Learning and recognition of tactile temporal sequences by mice and humans

Bale, Michael, Bitzidou, Malamati, Pitas, Anna, Brebner, Leonie Sophie, Khazim, Lina, Anagnou, Stavros, Stevenson, Caitlin and Maravall, Miguel (2017) Learning and recognition of tactile temporal sequences by mice and humans. eLife, 2017 (6). e27333. ISSN 2050-084X

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The world around us is replete with stimuli that unfold over time. When we hear an auditory stream like music or speech or scan a texture with our fingertip, physical features in the stimulus are concatenated in a particular order. This temporal patterning is critical to interpreting the stimulus. To explore the capacity of mice and humans to learn tactile sequences, we developed a task in which subjects had to recognise a continuous modulated noise sequence delivered to whiskers or fingertips, defined by its temporal patterning over hundreds of milliseconds. GO and NO-GO sequences differed only in that the order of their constituent noise modulation segments was temporally scrambled. Both mice and humans efficiently learned tactile sequences. Mouse sequence recognition depended on detecting transitions in noise amplitude; animals could base their decision on the earliest information available. Humans appeared to use additional cues, including the duration of noise modulation segments.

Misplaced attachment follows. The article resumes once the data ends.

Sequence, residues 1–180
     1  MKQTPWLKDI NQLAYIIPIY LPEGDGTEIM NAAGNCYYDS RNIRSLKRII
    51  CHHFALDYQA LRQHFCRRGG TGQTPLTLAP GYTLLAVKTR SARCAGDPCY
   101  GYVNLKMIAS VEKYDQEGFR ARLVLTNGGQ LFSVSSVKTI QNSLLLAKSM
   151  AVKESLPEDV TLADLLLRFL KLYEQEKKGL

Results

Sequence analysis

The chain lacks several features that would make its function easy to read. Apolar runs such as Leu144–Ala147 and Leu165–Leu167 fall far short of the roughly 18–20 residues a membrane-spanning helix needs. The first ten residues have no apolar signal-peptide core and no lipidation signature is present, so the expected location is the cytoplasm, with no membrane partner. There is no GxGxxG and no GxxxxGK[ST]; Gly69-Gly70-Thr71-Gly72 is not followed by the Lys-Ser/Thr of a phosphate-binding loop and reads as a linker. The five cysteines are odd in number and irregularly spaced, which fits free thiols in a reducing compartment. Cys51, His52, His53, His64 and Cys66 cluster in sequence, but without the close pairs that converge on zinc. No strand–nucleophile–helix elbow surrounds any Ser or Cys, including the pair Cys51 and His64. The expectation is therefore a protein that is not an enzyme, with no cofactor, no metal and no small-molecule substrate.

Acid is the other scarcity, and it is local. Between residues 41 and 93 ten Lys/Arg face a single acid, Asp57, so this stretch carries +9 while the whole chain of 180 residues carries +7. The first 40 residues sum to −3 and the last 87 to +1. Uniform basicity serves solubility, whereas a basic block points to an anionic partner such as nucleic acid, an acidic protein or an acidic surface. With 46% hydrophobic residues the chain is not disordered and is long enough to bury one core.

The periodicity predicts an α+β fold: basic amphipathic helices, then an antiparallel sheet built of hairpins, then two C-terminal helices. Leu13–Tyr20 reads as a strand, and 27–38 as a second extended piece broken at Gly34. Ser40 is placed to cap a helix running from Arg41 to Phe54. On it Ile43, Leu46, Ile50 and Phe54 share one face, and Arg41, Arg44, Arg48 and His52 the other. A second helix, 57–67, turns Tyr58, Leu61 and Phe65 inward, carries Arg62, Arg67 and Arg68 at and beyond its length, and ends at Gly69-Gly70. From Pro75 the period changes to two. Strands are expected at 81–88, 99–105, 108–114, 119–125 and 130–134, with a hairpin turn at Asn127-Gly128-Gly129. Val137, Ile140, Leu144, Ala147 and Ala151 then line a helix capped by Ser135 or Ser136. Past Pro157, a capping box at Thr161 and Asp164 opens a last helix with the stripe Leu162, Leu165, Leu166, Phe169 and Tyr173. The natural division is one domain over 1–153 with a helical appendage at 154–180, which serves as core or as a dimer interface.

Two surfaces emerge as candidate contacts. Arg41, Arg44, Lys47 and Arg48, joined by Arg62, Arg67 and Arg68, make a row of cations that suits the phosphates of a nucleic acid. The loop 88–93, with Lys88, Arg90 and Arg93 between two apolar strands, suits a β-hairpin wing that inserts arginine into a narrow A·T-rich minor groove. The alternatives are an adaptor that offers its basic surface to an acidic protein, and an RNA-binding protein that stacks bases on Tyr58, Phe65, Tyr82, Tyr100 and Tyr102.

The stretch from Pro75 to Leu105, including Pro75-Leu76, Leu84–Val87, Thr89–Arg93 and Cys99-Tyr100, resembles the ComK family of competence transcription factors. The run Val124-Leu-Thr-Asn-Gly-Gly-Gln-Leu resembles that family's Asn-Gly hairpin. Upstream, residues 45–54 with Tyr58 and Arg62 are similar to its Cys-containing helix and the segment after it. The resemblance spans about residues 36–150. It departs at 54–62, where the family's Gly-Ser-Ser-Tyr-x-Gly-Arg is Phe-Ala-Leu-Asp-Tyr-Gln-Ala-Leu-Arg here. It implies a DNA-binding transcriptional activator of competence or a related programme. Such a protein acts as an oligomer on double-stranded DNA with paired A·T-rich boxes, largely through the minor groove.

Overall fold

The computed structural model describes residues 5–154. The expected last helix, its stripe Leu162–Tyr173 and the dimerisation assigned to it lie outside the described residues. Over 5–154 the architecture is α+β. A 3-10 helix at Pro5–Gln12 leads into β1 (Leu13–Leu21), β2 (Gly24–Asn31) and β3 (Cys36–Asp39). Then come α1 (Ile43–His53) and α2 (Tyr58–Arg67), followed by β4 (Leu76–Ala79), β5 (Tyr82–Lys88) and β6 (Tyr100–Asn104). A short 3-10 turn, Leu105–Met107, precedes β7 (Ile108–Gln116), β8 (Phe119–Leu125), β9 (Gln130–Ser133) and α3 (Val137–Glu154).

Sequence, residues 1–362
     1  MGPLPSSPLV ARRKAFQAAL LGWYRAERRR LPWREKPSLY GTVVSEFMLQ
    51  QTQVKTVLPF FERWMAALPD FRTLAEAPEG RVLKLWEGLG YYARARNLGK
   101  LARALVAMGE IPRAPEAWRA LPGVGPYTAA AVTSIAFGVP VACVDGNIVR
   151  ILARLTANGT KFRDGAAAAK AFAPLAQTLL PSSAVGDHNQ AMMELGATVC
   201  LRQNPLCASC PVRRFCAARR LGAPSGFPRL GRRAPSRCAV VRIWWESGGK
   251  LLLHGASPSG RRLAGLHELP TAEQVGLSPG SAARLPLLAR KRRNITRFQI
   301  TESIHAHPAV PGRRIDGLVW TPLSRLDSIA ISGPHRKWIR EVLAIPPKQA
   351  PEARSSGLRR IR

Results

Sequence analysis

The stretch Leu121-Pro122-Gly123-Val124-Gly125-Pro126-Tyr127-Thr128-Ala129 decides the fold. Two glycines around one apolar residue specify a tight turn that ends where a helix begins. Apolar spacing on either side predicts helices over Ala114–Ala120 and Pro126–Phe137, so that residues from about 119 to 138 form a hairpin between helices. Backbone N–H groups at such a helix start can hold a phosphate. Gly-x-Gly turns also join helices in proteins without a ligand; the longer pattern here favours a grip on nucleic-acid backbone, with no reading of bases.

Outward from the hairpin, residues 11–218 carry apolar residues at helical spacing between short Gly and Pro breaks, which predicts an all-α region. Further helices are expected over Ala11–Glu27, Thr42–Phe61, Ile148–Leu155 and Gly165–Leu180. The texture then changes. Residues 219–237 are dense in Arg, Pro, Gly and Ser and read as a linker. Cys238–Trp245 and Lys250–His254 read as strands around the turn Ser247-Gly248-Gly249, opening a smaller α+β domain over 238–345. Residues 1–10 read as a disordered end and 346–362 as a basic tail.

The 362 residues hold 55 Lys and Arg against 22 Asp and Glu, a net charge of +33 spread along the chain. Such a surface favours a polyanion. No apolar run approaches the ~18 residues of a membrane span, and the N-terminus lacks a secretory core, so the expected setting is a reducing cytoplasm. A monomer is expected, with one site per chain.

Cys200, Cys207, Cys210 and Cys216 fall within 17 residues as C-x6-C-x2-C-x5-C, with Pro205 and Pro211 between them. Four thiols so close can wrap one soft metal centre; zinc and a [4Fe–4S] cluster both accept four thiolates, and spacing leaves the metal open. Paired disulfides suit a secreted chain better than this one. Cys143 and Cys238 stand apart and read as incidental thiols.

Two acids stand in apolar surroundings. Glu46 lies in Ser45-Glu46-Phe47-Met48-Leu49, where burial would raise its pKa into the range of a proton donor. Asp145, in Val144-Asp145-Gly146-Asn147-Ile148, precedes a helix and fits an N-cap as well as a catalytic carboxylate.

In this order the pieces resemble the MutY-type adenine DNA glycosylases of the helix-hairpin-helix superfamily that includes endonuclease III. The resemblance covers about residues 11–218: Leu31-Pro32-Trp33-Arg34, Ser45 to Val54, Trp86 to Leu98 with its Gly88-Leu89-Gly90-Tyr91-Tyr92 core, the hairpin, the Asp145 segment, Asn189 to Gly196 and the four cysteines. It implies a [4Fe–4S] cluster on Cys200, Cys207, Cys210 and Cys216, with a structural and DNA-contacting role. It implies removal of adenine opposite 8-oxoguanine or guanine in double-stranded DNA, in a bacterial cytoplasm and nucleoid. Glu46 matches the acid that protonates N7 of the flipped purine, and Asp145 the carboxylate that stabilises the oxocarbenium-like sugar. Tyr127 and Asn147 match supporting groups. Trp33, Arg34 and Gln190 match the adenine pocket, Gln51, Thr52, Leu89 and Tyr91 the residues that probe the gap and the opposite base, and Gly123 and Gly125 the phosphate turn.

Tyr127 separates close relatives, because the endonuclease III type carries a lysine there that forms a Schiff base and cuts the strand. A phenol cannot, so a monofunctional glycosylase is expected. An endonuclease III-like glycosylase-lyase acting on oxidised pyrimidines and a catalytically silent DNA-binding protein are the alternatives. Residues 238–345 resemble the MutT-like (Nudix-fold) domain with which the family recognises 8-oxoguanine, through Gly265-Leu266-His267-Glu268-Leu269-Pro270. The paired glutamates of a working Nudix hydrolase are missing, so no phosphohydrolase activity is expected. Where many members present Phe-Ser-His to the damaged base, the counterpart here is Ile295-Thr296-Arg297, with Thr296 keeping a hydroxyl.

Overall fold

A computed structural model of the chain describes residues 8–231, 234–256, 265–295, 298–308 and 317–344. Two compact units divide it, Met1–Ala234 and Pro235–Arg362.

Item Type: Article
Schools and Departments: Brighton and Sussex Medical School > Neuroscience
Research Centres and Groups: Sussex Neuroscience
Subjects: B Philosophy. Psychology. Religion > BF Psychology > BF0309 Consciousness. Cognition Including learning, attention, comprehension, memory, imagination, genius, intelligence, thought and thinking, psycholinguistics, mental fatigue
Q Science > QL Zoology > QL0750 Animal behaviour
Q Science > QP Physiology > QP0351 Neurophysiology and neuropsychology
Q Science > QP Physiology > QP0351 Neurophysiology and neuropsychology > QP0431 Senses
Depositing User: Michael Bale
Date Deposited: 17 Aug 2017 13:03
Last Modified: 06 Feb 2018 11:40
URI: http://srodev.sussex.ac.uk/id/eprint/54468

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Project NameSussex Project NumberFunderFunder Ref
Sensory sequence representation and discrimination in cortical circuitsG1975MRC-MEDICAL RESEARCH COUNCILMR/P006639/1